According to the Player’s Handbook, divine classes, such as Clerics, can use magical and supernatural abilities bestowed to them by their deities. These abilities range from combat spells like Spiritual Weapon to class features like Divine Strike and Channel Divinity (Player’s Handbook pgs. 58-59, 62, 278). Furthermore, certain spells allow the players to contact deities or higher powers directly, such as Commune (Player’s Handbook pg. 223). And more notoriously, there is Divine Intervention: a 10th level class feature that allows a Cleric to ask their god to intercede on their behalf with a random chance of success (Player’s Handbook pg. 59). By 20th level, this feature becomes automatically successful and allows for an assortment of deus ex machina in a game
With these types of mechanics at play, D&D makes it impossible to have a truly atheistic game without banning certain classes or using a high degree of homebrew. Active gods, in a sense, function as a foundational building block of your setting. Like other foundational building blocks, like arcana/magic or the Planes of Existence, you could exclude it, but in doing so you are negating aspects of the game and must tread carefully as a DM. This is reflected in the Dungeon Master’s Guide, which provides a whole sub-section about creating deities for your setting (pg.10-13).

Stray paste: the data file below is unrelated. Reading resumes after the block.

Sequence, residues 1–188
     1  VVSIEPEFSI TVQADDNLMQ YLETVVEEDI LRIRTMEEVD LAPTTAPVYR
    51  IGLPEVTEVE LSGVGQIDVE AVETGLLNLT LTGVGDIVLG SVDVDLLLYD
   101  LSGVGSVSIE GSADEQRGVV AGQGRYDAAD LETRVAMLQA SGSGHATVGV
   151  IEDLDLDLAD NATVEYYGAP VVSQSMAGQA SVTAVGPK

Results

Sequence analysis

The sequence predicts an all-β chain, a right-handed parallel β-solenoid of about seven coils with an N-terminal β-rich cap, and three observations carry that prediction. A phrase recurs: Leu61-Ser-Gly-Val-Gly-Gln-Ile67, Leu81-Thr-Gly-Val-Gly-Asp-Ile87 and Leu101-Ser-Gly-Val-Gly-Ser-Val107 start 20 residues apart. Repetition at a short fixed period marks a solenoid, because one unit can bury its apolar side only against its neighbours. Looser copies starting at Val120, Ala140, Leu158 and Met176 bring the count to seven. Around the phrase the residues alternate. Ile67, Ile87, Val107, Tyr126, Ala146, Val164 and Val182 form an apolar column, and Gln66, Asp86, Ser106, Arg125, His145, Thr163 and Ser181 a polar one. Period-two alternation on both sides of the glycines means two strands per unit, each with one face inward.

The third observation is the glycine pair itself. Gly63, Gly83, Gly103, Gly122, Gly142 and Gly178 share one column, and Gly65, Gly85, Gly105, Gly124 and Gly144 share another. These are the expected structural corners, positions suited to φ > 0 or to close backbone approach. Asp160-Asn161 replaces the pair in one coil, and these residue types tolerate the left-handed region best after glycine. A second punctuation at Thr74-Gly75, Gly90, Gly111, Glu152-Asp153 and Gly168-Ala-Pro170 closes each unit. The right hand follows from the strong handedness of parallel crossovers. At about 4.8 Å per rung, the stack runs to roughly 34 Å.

However, the requirements places on your deities are not insurmountable nor are they incompatible with deities anywhere on the spectrum. All that changes when a god is made more abstract or tangible is the method in which your deity meets these requirements. Both tangible gods and abstract gods can and should play an active role in your setting and meet the mechanical needs of your players.
If your deities do not meet these requirements though, they are arguably not function as gods, no matter how you label them. This is the case for a tangible demi-god that has a physical form and 26 Challenge Rating monster block, but does not bestow divine power to his worshippers, or an abstract god that exists as a philosophy, but does not perform divine intervention.